• The vacuum switch in the "TCC Automatic Lockup" wiring ensures that the TCC unlocks in situations of low or no vacuum. Since it's hooked to a ported vacuum source, this means the switch is open at idle and when the engine is under heavy load - exactly when you want the TCC to be unlocked. The factory switches I've seen have a small vacuum restrictor/delay valve inline just before the actual switch, and this helps delay lockup until you have a few seconds of good, stable vacuum going to the switch. So long as the vacuum rating of the switch and the delay time on the valve are reasonably matched to your engine combination, this should result in the effect of only locking up the TCC when the engine is under stable operation. TCI's kit uses an adjustable vacuum switch to enable you to fine-tune this.
  • The brake switch makes sure that the TCC is unlocked when you step on the brake - this is important in "panic stop" situations where you jam on the brakes and might lock the tires. It also ensures that the TCC is off when you at sitting at a stoplight."
How is this done on the M939 series?
 

ida34

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I drove the deuce, an M925 with Michelin super singles towing a M198 howitzer and a M977 HEMTT. I drove the M925 on the march into Iraq during the first gulf war. We did not have ABS and due to problems with the brakes on the M198 we never used the trailer brakes. The M198 weighs in at about 15,500 lbs. The truck was loaded with a couple of thousand pounds of people and equipment. I never had a problem with locking the brakes up. I had a few high pucker stops but never locked them up. Some were panic stops. The march was in darkness only using PVS-7 NVGs with blackout drives and chemlights on the tubes of the howitzers. The goggles cut our depth perception and when the truck in front stopped it was hard to see. This was on a road cut in the desert a few hours earlier by the engineers.

I think a lot of the problem lies with the air brakes on the 900 series. The older air over hydraulic brakes of the deuce and the 800 series were hard to lock up and when you went from driving these vehicles to driving a 900 series there was a steep leaning curve as to brake input from the driver. I don't remember the same problem with the M977 and IIRC it also has full air brakes. I was always looking for the brakes to lock up on the M925 but I attributed the touchy feeling of the brakes to the 15,500 lbs howitzer pushing it with no brakes. I am sure the air brakes ability to lock the brakes caused a lot of my personal caution also.

What year did the ABS MWO come out?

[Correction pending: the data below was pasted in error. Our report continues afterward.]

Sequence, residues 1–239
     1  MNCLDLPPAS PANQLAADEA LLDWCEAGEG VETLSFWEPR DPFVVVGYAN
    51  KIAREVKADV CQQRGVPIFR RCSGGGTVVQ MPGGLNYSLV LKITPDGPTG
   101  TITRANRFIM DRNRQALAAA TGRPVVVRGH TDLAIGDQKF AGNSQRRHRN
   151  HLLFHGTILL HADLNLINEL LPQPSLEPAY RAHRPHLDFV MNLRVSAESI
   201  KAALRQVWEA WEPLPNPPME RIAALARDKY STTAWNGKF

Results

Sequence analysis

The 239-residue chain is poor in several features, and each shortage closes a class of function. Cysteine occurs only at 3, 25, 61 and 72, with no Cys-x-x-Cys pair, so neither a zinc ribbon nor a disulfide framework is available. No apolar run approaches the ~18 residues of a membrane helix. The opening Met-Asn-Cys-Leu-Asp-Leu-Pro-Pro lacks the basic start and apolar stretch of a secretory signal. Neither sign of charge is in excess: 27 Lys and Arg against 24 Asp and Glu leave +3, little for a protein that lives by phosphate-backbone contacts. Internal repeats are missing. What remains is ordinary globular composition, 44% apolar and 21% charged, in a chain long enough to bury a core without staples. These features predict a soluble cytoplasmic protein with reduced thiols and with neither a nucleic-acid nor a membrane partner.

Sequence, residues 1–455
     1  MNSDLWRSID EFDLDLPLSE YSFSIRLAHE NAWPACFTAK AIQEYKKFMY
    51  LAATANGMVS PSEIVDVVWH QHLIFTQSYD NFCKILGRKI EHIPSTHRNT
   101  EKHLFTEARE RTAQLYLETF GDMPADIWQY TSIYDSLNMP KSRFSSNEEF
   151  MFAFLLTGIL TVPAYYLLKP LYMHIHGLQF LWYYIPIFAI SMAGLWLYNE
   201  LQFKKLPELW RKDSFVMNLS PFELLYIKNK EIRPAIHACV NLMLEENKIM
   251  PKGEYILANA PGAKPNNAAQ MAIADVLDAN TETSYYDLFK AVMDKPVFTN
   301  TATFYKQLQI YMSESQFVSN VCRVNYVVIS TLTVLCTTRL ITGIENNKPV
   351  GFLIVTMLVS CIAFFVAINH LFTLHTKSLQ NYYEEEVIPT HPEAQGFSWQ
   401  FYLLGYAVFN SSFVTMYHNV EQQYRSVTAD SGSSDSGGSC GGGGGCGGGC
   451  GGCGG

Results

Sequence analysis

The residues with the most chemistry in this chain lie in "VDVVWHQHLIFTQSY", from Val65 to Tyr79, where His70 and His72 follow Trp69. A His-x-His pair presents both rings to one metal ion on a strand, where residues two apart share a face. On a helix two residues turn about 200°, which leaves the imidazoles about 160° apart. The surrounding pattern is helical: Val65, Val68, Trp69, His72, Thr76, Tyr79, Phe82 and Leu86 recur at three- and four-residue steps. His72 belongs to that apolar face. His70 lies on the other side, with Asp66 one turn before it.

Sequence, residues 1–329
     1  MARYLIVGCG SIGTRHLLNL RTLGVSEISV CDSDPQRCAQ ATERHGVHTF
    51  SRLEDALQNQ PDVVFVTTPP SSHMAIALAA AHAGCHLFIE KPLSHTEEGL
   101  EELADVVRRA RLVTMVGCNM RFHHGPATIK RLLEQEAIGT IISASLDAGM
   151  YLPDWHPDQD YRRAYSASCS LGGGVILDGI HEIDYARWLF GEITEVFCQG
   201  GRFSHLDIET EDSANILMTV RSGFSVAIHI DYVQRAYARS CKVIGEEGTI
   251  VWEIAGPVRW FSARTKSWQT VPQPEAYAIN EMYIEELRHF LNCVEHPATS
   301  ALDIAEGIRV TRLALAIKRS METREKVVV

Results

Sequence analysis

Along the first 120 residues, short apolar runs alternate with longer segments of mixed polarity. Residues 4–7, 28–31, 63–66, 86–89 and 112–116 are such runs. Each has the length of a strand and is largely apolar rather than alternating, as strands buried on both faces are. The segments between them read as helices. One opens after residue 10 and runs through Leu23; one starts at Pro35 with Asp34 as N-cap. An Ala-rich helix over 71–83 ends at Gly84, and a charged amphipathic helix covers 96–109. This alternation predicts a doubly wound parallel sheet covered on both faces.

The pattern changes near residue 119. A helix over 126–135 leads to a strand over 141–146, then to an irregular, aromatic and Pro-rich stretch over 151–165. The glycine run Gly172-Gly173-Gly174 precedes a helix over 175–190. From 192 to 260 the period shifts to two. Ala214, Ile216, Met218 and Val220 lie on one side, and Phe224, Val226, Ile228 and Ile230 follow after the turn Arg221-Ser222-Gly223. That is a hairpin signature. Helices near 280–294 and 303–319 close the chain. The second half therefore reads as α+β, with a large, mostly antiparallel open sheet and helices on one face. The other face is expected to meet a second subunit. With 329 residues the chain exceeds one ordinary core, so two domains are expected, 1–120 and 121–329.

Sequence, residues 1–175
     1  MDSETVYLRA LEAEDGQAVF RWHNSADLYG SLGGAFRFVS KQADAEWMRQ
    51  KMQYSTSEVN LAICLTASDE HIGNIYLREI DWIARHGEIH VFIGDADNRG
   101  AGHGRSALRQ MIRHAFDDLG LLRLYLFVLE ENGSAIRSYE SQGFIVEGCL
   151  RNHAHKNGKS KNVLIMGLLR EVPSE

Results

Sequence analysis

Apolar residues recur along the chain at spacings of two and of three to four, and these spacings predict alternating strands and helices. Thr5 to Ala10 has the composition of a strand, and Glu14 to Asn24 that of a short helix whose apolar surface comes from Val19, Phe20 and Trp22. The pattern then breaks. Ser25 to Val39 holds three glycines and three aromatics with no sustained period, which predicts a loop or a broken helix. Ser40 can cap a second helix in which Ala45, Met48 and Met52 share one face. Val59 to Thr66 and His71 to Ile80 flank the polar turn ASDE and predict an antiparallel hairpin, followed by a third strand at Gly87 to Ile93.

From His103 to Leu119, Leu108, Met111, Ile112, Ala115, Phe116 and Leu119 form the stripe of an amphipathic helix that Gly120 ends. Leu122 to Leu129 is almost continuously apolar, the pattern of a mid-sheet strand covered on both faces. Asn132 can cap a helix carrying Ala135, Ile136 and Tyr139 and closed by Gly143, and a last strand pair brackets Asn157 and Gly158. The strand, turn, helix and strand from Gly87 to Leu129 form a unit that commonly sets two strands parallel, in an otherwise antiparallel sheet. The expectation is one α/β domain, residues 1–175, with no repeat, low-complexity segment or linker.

BTW I did drive the M925 while empty and did not lock it up at all either.
 

Rattlehead

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I have a suspicion that TCC disengagement from heavy accel or braking is not done at all on the M939. I can feel the TCC engage, but have never felt it re-engage after say, braking at moderate speed and then getting back into the throttle. I just don't see how the trans would know you are braking, but total system details are elusive in these manuals.

Here is a screen shot from a MT654 repair manual, for transmission dyno testing. This confirms the TCC lockup in 2nd gear. Also notice that the TCC doesn't disengage because of a decel until vehicle speed decreases.
 

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cranetruck

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Below is a page from the TM.
Question; is there an equivalent to the throttle position sensor on the M939 series? When you let off the "gas" pedal, the transmission knows when to release the lock-up, my 8x8 has this throttle position linkage, but I don't see it for the MT654. What is the "Modulator adjustment point"?
 

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steelsoldiers

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Chuck, the effective date was November, 1999 and it was due to be completed by November, 2006 so the MWO did not exist until after your experience. The brake lock-up leading to accidents was experienced on-road the majority of the time and on wet pavement and lightly loaded condition in an even greater proportion.

Bjorn, the throttle linkage has a TV cable attached to it much like a civi vehicle. It lets the transmission know what position the throttle is in. I will peruse the manual and get pics/locations of the rest of the sensors that could be involved in controlling TC lock-up.
 

BKubu

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I drove the deuce, an M925 with Michelin super singles towing a M198 howitzer and a M977 HEMTT. I drove the M925 on the march into Iraq during the first gulf war. We did not have ABS and due to problems with the brakes on the M198 we never used the trailer brakes. The M198 weighs in at about 15,500 lbs. The truck was loaded with a couple of thousand pounds of people and equipment. I never had a problem with locking the brakes up. I had a few high pucker stops but never locked them up. Some were panic stops. The march was in darkness only using PVS-7 NVGs with blackout drives and chemlights on the tubes of the howitzers. The goggles cut our depth perception and when the truck in front stopped it was hard to see. This was on a road cut in the desert a few hours earlier by the engineers.

I think a lot of the problem lies with the air brakes on the 900 series. The older air over hydraulic brakes of the deuce and the 800 series were hard to lock up and when you went from driving these vehicles to driving a 900 series there was a steep leaning curve as to brake input from the driver. I don't remember the same problem with the M977 and IIRC it also has full air brakes. I was always looking for the brakes to lock up on the M925 but I attributed the touchy feeling of the brakes to the 15,500 lbs howitzer pushing it with no brakes. I am sure the air brakes ability to lock the brakes caused a lot of my personal caution also.